American RadioWorks |
A student learns welding at a vocational high school in Massachusetts. (Photo: Emily Hanford)

Ready to Work

Vocational education was once a staple of American schooling, preparing some kids for blue-collar futures while others were put on a path to college. Today the new mantra is "college for all." But not everyone wants to go to college, and more than half of jobs don't require a bachelor's degree. Many experts say it's time to bring back career and technical education. This American RadioWorks documentary explores how vocational education is being reimagined.

Recent Posts

  • 09.17.14

    A company short on skilled workers creates its own college-degree program

    At a Toyota plant in Kentucky, young people are learning how to fix robots, earning associate's degrees and graduating with jobs that pay up to $80,000 a year.
  • 09.11.14

    A 21st-century vocational high school

    For years, vocational education was seen as a lesser form of schooling, tracking some kids into programs that ended up limiting their future opportunities. Today, in the nation's best vocational programs, things are different.
  • 09.10.14

    Career academies: A new twist on vocational ed

    Across the country, thousands of high schools are transforming into career academies. The idea is that students will be more engaged if they see how academics are connected to the world of work. And they’ll be more likely to get the postsecondary schooling they need to support themselves in today’s economy.
  • 09.09.14

    The troubled history of vocational education

    Vocational education was once used to track low-income students off to work while wealthier kids went to college. But advocates for today's career and technical education say things have changed, and graduates of vocational programs may have the advantage over graduates of traditional high schools.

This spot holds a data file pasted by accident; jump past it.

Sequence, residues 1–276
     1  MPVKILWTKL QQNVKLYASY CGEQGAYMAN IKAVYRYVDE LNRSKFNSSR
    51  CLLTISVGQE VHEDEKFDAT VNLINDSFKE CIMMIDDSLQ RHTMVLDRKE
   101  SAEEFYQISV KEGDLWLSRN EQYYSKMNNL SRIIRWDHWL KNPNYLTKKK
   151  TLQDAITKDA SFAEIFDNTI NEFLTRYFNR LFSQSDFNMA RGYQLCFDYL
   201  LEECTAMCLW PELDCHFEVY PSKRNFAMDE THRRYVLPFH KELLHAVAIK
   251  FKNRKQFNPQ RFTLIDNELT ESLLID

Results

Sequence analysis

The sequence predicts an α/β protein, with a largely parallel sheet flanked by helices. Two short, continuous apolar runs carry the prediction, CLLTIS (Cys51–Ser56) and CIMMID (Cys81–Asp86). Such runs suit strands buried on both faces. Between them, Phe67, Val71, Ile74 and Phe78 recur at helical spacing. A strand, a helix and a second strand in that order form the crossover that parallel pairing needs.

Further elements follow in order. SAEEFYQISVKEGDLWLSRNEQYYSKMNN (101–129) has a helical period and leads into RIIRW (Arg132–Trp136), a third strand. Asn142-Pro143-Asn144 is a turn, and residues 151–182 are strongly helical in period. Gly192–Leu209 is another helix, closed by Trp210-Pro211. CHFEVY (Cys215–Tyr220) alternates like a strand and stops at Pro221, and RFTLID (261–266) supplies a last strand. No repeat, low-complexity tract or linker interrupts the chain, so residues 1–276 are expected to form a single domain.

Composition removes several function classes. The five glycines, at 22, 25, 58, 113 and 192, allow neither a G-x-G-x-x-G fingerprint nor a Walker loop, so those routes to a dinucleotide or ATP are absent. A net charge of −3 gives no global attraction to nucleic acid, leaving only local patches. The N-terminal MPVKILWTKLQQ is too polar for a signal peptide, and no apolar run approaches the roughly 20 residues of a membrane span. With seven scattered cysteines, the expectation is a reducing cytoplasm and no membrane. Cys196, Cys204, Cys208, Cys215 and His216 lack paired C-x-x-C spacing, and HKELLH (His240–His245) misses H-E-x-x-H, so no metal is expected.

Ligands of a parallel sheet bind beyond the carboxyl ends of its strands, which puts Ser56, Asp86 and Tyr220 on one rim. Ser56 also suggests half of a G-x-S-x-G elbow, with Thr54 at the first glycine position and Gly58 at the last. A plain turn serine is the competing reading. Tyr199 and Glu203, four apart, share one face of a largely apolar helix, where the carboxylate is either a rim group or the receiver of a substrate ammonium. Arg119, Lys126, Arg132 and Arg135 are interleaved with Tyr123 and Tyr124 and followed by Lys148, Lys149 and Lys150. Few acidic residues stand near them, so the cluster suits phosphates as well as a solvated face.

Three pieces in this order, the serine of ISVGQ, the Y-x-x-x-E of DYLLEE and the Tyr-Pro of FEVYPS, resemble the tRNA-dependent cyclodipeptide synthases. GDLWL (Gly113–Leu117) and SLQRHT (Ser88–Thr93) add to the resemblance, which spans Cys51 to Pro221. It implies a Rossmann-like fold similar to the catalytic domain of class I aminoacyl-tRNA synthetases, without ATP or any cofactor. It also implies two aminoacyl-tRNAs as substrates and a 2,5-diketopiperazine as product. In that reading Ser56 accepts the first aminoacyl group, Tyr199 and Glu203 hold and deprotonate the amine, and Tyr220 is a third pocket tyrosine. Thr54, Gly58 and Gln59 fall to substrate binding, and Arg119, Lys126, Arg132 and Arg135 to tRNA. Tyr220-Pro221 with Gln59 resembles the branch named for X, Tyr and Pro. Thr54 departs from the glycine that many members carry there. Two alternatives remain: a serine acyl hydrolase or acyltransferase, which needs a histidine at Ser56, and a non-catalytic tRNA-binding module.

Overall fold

American RadioWorks |
A student learns welding at a vocational high school in Massachusetts. (Photo: Emily Hanford)

Ready to Work

Vocational education was once a staple of American schooling, preparing some kids for blue-collar futures while others were put on a path to college. Today the new mantra is "college for all." But not everyone wants to go to college, and more than half of jobs don't require a bachelor's degree. Many experts say it's time to bring back career and technical education. This American RadioWorks documentary explores how vocational education is being reimagined.

Recent Posts

  • 09.17.14

    A company short on skilled workers creates its own college-degree program

    At a Toyota plant in Kentucky, young people are learning how to fix robots, earning associate's degrees and graduating with jobs that pay up to $80,000 a year.
  • 09.11.14

    A 21st-century vocational high school

    For years, vocational education was seen as a lesser form of schooling, tracking some kids into programs that ended up limiting their future opportunities. Today, in the nation's best vocational programs, things are different.
  • 09.10.14

    Career academies: A new twist on vocational ed

    Across the country, thousands of high schools are transforming into career academies. The idea is that students will be more engaged if they see how academics are connected to the world of work. And they’ll be more likely to get the postsecondary schooling they need to support themselves in today’s economy.
  • 09.09.14

    The troubled history of vocational education

    Vocational education was once used to track low-income students off to work while wealthier kids went to college. But advocates for today's career and technical education say things have changed, and graduates of vocational programs may have the advantage over graduates of traditional high schools.

Back to The Data

Trips sponsored by

University of Michigan


Total cost of 17 trips: $14,421.24


Traveler: Kimberly Teehee (from the office of Dale Kildee)
Destination: ANN ARBOR, MICHIGAN
Purpose: PANELIST FOR INDIAN LAW DAY CONFERENCE
Date: Mar 23, 2000 (3 days)
Expense: $360.00
source

Traveler: Jennifer Chock (from the office of Daniel Inouye)
Destination: ANN ARBOR, MICHIGAN
Purpose: GAVE SPEECH REGARDING RICE V. CAYETANO TO LAW STUDENTS
Date: Apr 11, 2000 (8 days)
Expense: $1,123.00
source

Traveler: Tom Lantos (from the office of Tom Lantos)
Destination: AUBURN HILLS, MI
Purpose: SPRING BOARD OF DIRECTORS MEETING (CONG. LANTOS IS A BOARD MEMBER)
Date: May 8, 2000
Expense: $545.00
source